Sarah Willets James Johnson Staff writers
December 21, 2013
LUMBERTON — Monday is the last day to ensure health care coverage beginning Jan. 1 under the Affordable Care Act, and several Robeson County organizations are still helping residents sign up before the deadline.
Health care navigators with the Robeson Health Care Corporation are guiding insurance seekers through Obama’s complicated health overhaul, popularly referred to as Obamacare. Robeson Health Care Corporation has several centers, including ones in Lumberton, Fairmont, Pembroke and Maxton. More information can be found at rhcc1.com.
To connect with other navigators, call the statewide hotline at 1-855-733-3711.
Residents can also visit healthcare.gov and click on “find local help,” or healthcarenc.org to find a list of local insurance agents providing guidance.
Thomas Scott, the owner of Best-Way Insurance on Roberts Avenue in Lumberton, said he has helped nearly 400 people enroll since Oct. 1. According to Scott, it typically takes him 30 minutes to sign someone up.
“There’s a misconception that this is for poor people only,” Scott said of Obama’s health plan. “But this is for the average American that is working and has to make the decision every month of whether to pay their health insurance or their light bill.”
According to the Centers for Medicare & Medicaid Services, 1.2 million people have gained health coverage through Obamacare. Of those, 365,000 selected plans from the state and federal marketplaces while another 803,000 were determined eligible for the newly expanded Medicaid program.
According to the Department of Health and Human Services, 1.9 million visitors to the website were determined eligible but have not yet selected a plan. About 55 million people who do not qualify for Medicare are uninsured. In May, it was projected that about 7 million people would sign up for 2014 coverage.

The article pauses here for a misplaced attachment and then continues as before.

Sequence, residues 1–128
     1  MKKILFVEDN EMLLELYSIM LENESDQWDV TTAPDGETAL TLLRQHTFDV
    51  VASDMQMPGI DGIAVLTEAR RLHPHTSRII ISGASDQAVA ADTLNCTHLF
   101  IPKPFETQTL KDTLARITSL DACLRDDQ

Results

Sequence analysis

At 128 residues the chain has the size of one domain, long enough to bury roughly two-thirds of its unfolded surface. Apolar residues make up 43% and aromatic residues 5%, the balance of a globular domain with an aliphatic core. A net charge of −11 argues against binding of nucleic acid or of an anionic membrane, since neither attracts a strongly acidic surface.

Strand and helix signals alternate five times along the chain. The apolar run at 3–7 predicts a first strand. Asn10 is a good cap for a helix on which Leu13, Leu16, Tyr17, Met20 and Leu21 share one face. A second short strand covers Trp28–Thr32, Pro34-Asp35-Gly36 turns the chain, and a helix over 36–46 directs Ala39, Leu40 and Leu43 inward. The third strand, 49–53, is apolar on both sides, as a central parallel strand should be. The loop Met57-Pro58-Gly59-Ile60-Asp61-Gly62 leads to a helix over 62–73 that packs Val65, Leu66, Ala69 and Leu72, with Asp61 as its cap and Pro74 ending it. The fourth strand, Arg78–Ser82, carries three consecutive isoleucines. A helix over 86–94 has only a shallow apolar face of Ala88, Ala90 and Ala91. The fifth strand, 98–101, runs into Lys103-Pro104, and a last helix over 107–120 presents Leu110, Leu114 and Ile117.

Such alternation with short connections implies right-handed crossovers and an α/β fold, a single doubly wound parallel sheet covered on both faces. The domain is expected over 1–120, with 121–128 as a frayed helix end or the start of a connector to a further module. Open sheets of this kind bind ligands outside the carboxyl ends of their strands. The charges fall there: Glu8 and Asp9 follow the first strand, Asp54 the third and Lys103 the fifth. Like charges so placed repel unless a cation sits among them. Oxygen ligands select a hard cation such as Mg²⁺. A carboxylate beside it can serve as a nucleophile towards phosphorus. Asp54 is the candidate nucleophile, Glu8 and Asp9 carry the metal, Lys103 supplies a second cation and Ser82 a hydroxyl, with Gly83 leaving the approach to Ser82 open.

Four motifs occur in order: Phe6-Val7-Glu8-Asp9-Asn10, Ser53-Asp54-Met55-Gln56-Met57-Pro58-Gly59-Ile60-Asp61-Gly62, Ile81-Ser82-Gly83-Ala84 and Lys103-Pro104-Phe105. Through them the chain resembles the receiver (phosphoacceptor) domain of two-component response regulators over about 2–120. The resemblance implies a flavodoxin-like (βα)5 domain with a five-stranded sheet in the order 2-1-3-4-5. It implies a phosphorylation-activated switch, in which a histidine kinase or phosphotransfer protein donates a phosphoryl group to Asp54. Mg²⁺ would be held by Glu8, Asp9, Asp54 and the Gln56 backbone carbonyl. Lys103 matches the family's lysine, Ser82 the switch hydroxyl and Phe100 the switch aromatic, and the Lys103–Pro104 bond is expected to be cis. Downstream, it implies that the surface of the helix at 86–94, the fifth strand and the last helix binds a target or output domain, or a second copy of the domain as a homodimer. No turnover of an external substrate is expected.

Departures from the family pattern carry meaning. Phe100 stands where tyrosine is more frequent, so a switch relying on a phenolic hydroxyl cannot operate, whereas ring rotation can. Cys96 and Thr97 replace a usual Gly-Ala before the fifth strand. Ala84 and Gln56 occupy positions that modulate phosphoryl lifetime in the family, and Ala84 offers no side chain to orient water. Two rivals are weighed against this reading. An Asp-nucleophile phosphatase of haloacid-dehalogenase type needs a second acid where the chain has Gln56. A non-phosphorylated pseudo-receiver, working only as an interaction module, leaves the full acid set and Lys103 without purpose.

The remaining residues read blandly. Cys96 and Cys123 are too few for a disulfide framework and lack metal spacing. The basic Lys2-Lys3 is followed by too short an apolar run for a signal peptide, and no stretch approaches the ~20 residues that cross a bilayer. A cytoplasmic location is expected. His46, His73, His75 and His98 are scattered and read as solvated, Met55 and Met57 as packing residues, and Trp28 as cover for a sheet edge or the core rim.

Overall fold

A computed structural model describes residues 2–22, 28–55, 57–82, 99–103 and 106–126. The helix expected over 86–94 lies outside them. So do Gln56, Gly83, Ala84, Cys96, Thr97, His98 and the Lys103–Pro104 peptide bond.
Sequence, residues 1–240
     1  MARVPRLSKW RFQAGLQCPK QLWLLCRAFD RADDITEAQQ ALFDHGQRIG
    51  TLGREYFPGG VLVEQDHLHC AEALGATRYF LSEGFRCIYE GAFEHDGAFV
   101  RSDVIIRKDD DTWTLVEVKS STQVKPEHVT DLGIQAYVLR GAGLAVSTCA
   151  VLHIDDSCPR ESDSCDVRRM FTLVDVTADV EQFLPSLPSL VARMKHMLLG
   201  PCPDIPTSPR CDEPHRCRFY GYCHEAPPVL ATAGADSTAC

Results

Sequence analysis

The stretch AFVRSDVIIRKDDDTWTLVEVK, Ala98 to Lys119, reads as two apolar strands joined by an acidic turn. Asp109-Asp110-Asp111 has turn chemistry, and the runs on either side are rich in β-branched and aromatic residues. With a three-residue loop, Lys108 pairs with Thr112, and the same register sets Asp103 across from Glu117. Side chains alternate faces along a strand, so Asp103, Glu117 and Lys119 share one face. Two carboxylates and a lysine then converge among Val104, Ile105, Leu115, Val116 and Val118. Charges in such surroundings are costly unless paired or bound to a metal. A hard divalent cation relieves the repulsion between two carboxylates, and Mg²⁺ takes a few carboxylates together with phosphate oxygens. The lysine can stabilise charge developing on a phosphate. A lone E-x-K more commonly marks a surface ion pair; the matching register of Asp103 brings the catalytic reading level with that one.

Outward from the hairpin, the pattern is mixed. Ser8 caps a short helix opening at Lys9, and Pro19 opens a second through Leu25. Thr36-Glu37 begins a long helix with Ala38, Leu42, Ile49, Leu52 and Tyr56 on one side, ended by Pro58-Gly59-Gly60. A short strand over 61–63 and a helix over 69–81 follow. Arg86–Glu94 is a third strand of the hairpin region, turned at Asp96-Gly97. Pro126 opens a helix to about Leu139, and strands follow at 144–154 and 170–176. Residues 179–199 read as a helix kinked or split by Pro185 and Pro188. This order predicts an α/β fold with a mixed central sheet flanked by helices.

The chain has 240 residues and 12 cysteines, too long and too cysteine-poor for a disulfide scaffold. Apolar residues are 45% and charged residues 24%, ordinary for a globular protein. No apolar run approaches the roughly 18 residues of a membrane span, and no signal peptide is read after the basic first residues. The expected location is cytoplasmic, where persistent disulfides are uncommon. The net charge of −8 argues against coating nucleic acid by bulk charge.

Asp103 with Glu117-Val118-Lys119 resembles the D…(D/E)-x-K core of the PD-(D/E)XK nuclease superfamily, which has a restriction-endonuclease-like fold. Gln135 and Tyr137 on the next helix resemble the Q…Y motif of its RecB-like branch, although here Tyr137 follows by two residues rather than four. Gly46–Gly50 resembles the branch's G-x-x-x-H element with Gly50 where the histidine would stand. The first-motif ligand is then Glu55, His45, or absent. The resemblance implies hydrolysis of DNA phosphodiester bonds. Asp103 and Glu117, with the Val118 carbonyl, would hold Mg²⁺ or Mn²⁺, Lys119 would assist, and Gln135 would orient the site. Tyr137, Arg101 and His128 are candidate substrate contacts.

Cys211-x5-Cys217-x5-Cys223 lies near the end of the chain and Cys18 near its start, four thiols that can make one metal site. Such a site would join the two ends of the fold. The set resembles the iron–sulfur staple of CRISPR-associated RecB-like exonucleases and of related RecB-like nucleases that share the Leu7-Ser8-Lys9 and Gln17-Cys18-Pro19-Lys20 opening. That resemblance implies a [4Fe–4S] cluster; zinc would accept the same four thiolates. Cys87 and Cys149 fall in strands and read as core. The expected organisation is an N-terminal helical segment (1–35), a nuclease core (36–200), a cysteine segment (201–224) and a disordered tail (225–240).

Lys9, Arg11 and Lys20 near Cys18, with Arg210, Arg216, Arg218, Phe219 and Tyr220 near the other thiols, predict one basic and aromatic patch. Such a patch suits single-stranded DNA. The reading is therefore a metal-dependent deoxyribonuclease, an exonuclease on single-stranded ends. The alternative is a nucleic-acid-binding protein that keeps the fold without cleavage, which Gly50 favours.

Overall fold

These numbers could have been higher, says Mary Prescott, a service and implementation executive for Cigna Healthcare, as the Medicaid expansion that came attached to the bill was intended to provide states with additional federal funding to be used to greatly expand their Medicaid programs. The expansion would cover adults under 65 who earn 133 percent of the federal poverty level and anyone under 18. However, after the Supreme Court ruled that states would be allowed to reject the expansion, 21 states with Republican governors chose to opt out, North Carolina being one of them.
“States that embraced and prepared for the law like California have several companies competing, which drives premiums down so that they are substantially lower than in places like North Carolina,” said Prescott, whose own company has been working overtime to prepare for an increase in clients.
Monday is just one deadline to keep in mind. Those who select a plan by Monday will have until Jan. 10 to pay the premium for their first month. With some exemptions, individuals who don’t sign up for insurance by Jan. 1 will be charged a tax penalty of $95 per adult and $47.50 per child or 1 percent of your taxable income, whichever is greater.
Following a White House announcement on Thursday, individuals whose plans were cancelled because of new standards set by the Affordable Care Act will be exempt from having to pay a penalty if not enrolled by Jan. 1.
Those people will be allowed to purchase “catastrophic plans,” which offer minimal coverage and were previously only available to people under 30.
March 31 is the last day of the 2014 open enrollment period.